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And from the boughs brush off the evil dew, 50
70 And the low world in measured motion draw After the heavenly tune, which none can hear Of human mould with gross unpurged ear; And yet such music worthiest were to blaze The peerless height of her immortal praise, 75 Whose lustre leads us, and for her most fit, If my inferior hand or voice could hit Inimitable sounds; yet as we go, Whate'er the skill of lesser gods can shew, I will assay, her worth to celebrate,
80 And so attend ye toward her glittering state; Where ye
all that are of noble stem Approach, and kiss her sacred vesture's hem,
Follow me as I sing,
And touch the warbled string,
By sandy Ladon's lilied banks,
Trip no more in twilight ranks,
A better soil shall give ye thanks.
Such a rural queen
LYCIDAS. In this monody the Author bewails a learned Friend, unfortrenately drowned in his passage from Chester, on the Irish seas, 1637, and by occasion foretels the ruin of our corrupted Clergy, then in their height. Yet once more, Oye Laurels, and once more Ye Myrtles brown, with Ivy never sere, I come to pluck your berries barsh and crude, And with forced fingers rude 97. .Ladon, another beautiful river in Arcadia.-Lyceus, &c.
are celebrated mountains in the same country. * This beautiful little poem, which partakes as much of the character of the allegory as of the pastoral, was written in memorial of Edward King, son of Sir John King, Secretary for Ireland, who perished by shipwreck in a voyage to Dublin, ia the 25th year of his age. He was the fellow-collegian and most intimate friend of the poet, who at that time was destined, as well as himself, for holy orders. There are several allusions to the latter circumstance in the monody,
Shatter your leaves before the mellowing year. 5
sable shroud :
Together both, ere the high lawns appear'd 25
But O the heavy change, now thou art gone,
15. Sacred Well; the fountain Hippocrene, sacred to the muses, which springs from mount Helicon, on which there was an altar to Jupiter. 19. Muse, a metonomy for poet, see line 21.
Fanning their joyous leaves to thy soft lays.
45 Or taint-worm to the weanling herds that graze, Or frost to flowers, that their gay wardrobe wear, When firet the white-thorn blows; Such, Lycidas, thy loss to shepherd's ear. Where were ye, Nymphs, when the remorseless deep
50 Closed o'er the head of your loved Lycidas ? For neither were ye playing on the steep, Where your old bards, the famous Druids, lie, Nor on the shaggy top of Mona high, Nor yet where Deva spreads her wizard stream: 35 Ay me! I fondly dream, Had ye been there; for what could that have done? What could the Muse herself that Orpheus bore, The Muse herself for her enchanting son, Whom universal Nature did lament,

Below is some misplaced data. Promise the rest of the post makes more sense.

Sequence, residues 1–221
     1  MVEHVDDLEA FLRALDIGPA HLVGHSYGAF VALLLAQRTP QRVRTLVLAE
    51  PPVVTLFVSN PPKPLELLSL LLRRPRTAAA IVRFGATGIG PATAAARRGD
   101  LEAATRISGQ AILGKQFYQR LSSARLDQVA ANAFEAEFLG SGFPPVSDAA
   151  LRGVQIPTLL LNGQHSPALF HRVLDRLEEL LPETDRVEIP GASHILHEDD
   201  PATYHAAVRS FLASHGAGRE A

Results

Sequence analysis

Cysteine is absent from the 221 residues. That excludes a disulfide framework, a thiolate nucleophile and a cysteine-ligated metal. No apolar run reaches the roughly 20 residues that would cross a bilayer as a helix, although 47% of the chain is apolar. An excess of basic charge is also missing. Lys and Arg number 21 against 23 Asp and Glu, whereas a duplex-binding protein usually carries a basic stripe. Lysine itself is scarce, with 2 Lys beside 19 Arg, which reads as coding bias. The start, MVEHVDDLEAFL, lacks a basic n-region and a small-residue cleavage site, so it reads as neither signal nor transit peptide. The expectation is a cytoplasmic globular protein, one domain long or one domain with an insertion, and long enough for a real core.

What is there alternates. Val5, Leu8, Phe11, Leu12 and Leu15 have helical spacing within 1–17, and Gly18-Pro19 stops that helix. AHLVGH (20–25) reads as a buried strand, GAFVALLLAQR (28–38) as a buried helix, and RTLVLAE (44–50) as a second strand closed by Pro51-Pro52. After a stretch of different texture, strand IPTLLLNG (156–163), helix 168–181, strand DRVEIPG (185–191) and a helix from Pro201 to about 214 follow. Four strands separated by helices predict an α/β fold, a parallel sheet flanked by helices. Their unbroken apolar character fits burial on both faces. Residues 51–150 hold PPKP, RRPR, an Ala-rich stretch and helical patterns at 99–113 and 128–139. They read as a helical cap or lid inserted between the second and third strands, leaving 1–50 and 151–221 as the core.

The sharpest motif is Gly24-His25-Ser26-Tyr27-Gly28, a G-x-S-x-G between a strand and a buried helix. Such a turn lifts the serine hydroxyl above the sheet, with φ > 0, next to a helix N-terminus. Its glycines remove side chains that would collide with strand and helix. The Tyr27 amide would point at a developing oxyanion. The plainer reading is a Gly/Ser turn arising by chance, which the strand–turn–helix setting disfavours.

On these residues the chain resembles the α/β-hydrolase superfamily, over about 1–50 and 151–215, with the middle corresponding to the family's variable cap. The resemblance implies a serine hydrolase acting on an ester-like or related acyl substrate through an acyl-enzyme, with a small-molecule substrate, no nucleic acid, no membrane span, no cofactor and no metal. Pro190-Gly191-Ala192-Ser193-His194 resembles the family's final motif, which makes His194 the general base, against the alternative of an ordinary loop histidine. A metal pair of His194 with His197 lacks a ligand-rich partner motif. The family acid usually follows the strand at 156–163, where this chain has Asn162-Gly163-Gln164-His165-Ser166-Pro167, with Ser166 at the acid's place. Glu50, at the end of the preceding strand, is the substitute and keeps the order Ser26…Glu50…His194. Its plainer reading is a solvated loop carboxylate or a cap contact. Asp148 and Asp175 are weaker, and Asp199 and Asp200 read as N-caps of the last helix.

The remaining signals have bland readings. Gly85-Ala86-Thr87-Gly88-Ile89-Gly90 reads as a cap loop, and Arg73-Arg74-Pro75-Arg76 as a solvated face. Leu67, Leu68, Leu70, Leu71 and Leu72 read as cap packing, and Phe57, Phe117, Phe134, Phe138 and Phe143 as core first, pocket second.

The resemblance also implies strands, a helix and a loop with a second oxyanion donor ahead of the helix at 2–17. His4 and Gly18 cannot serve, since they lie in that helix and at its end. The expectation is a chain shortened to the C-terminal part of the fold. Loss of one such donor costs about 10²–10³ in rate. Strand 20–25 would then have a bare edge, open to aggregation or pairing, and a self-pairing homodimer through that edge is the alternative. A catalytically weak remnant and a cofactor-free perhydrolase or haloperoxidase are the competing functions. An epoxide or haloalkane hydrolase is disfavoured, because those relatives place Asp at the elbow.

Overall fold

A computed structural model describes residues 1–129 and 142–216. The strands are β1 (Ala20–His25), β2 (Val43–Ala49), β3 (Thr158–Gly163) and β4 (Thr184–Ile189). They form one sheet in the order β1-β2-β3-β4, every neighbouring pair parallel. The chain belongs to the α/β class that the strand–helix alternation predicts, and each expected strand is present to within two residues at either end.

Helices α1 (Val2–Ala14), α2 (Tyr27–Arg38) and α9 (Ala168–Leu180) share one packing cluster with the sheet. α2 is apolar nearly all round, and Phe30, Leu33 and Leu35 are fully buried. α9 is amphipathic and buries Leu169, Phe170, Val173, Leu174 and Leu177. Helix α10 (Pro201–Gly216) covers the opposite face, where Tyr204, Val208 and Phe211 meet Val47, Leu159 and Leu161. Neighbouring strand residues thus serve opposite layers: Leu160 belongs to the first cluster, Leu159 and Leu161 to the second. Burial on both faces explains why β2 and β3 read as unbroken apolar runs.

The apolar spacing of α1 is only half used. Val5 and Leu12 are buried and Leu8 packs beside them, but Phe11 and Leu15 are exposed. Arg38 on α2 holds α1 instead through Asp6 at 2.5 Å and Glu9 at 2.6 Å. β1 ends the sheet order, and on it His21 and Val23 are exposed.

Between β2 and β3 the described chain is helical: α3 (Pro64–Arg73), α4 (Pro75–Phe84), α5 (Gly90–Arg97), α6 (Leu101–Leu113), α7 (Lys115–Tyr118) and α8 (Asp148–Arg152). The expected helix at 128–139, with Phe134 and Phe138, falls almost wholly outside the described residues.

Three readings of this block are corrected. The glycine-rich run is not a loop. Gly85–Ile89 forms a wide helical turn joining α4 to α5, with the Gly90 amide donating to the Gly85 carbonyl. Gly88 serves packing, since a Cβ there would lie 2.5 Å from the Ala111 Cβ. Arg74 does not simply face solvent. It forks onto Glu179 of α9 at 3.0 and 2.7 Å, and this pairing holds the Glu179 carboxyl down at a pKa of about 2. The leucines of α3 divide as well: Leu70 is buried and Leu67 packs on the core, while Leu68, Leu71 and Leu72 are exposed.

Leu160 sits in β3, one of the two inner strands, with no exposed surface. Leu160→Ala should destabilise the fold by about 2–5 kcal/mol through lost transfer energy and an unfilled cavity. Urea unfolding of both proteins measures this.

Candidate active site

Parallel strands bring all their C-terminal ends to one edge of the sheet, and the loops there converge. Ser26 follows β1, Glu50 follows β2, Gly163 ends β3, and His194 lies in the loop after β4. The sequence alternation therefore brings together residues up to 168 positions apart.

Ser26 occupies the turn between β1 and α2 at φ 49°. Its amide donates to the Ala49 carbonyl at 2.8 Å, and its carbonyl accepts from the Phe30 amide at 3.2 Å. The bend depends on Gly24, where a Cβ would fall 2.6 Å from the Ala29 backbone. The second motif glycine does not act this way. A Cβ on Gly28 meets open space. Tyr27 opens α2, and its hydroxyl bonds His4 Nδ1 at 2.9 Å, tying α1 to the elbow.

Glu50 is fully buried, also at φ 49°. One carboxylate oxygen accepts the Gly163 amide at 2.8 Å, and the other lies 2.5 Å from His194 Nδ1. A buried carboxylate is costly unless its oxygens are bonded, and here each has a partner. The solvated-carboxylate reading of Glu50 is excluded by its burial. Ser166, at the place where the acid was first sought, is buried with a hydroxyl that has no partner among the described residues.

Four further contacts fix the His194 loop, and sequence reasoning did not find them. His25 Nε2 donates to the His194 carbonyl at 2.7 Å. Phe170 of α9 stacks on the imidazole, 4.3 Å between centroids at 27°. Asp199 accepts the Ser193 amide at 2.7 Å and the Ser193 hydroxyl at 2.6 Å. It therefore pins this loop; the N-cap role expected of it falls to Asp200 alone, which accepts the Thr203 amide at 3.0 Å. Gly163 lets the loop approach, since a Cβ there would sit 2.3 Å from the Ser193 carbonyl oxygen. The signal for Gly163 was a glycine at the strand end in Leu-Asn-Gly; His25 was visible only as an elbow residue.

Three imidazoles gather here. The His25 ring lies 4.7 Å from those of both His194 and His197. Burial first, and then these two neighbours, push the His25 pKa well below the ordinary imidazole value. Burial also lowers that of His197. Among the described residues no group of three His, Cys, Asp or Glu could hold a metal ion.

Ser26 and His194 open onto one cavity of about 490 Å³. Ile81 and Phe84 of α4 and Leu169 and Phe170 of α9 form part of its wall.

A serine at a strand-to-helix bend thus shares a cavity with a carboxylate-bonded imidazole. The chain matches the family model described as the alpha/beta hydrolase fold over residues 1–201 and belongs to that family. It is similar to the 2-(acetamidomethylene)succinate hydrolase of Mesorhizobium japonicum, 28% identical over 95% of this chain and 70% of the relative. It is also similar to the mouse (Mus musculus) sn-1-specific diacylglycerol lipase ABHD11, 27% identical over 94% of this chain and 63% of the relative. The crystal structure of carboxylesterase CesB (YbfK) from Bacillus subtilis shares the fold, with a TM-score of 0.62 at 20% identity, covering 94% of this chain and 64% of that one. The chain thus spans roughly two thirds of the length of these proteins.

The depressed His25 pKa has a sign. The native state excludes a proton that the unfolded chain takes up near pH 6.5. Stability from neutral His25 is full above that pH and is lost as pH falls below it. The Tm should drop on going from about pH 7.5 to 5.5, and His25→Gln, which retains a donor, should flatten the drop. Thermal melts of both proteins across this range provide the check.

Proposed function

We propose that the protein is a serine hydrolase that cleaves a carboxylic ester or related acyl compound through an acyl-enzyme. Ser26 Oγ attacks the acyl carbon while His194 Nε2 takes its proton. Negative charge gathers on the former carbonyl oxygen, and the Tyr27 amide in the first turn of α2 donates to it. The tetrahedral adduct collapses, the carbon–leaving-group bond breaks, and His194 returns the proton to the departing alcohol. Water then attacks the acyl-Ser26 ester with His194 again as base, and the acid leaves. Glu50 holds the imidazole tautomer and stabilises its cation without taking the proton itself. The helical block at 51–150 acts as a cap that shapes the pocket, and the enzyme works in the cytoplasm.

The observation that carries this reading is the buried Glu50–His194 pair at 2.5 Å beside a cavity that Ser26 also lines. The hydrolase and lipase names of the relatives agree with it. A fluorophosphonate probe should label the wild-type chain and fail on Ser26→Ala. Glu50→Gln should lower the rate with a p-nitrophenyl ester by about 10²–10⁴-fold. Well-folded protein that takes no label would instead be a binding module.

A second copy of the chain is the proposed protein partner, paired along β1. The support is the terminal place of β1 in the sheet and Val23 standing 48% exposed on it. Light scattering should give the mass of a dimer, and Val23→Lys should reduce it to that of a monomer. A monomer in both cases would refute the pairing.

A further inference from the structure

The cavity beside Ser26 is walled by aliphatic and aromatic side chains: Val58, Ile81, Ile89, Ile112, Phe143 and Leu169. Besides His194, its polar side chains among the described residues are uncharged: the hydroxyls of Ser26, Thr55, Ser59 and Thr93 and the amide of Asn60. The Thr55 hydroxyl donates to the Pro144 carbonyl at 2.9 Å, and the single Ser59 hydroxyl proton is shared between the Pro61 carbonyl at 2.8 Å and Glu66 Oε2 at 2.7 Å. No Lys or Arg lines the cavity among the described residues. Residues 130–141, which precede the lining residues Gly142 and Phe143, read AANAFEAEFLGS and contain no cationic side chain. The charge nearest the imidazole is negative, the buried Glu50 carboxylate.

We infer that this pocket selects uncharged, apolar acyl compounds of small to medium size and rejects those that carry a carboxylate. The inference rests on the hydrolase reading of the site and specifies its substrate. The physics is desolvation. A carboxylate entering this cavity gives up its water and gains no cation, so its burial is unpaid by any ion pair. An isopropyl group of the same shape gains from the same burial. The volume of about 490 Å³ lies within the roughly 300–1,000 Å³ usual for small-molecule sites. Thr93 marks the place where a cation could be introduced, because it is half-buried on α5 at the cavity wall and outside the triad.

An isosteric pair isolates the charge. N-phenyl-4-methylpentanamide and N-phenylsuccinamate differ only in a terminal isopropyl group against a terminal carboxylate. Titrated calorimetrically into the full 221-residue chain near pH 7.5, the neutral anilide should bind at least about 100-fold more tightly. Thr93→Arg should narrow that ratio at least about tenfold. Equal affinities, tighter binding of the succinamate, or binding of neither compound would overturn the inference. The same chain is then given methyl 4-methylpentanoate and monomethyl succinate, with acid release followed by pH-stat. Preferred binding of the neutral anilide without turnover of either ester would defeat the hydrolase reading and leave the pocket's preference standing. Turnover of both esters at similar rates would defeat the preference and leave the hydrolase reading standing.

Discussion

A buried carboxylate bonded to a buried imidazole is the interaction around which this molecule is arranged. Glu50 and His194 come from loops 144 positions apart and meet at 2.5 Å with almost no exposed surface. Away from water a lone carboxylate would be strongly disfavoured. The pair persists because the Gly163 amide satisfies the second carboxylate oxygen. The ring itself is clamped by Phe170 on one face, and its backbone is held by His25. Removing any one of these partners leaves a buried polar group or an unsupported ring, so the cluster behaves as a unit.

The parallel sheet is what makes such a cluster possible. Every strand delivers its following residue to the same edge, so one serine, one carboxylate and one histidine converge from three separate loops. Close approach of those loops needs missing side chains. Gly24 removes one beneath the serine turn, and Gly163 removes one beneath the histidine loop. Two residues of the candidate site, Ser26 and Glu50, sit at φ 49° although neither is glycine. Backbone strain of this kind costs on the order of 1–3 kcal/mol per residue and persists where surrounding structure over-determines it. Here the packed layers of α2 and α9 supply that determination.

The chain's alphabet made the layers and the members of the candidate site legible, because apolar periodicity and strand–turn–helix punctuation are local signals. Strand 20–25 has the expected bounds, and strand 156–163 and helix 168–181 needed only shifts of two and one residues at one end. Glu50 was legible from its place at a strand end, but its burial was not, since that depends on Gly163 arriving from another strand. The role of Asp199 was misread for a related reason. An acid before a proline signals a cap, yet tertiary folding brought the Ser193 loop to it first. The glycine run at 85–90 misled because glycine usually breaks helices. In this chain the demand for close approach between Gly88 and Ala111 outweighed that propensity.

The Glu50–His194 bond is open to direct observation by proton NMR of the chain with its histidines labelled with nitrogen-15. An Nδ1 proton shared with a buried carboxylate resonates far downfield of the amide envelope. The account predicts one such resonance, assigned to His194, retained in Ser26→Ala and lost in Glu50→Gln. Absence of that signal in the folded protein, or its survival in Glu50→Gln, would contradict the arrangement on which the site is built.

60 When, by the rout that made the hideous roar, His gory visage down the stream was sent, Down the swift Hebrus to the Lesbian shore ?
Alas! what boots it with incessant care To tend the homely, slighted shepherd's trade, 05 And strictly meditate the thankless Muse ? Were it not better done, as others use, To sport with Amaryllis in the shade, Or with the tangles of Neæra's hair? Fame is the spur that the clear spirit doth raise 70 (That last infirmity of noble minds) To scorn delights, and live laborious days; But the fair guerdon when we hope to find, And think to burst out into sudden blaze, Comes the blind Fury with the abhorred shears, 75 And slits the thin-spun life. But not the praise, Phoebus reply'd, and touch'd my trembling ears; Fame is no plant that grows on mortal soil, Nor in the glistering foil Set off to the world, nor in broad rumour lies; 80 But lives and spreads asoft by those pure eyes
52. The steep; supposed to be Kerigy Drudion, a druid station in Deabighshire. -Mona; the isle of Anglesey.- Deva; the river Dee.
66. Meditate the Muse; a classical phrase ; thus Virgil, Ecl. 1. 2. Musam Meditar is.
And perfect witness of all-judging Jove;
O fountain Arethuse, and thou honour'd flood, 85
90 He ask'd the waves, and ask'd the felon winds, What hard mishap hath doom'd this gentle swain ? And question'd every gust of rugged winds That blows from off each beaked promontory; They knew not of his story,
95 And sage Hippotades their answer brings, That not a blast was from his dungeon stray'd ; The air was calm, and on the level brine Sleek Panope with all her sisters play'd. It was that fatal and perfidious bark
100 Built in th' eclipse, and rigg'd with curses dark, That sunk so low that sacred head of thine.
Next Camus, reverend sire, went footing slow, His mantle hairy, apd his bonnet sedge, Inwrought with figures dim, and on the edge, 105 Like to that sanguine flower, inscribed with woe. Ah! who hath reft (quoth he) my dearest pledge ? Last came, and last did go, The pilot of the Galilean lake, Two massy keys he bore of metals twain
110 (The golden opes, the iron shuts amain), He shook his mitred locks, and stern bespake : How well could I have spared for thee, young swain, Enow of such as for their bellies' sake Creep, and intrude, and climb into the fold 3 115 Of other care they little reck’ning make, Than how to scramble at the shearers' feast, And shove away the worthy bidden guest; (hold Blind mouths! that scarce themselves know how to A sheep-hook, or have learn'd aught else the least That to the faithful herdsman's art belongs ! 121
86. Mincius; a river near Mantua, where Virgil was born 89. The kerald ; Triton.-Hippotades; Æolus, the son of Hippotas.--Panope; a sea nymph.---Camus; the Cam.
109. The pilot ; Saint Peter.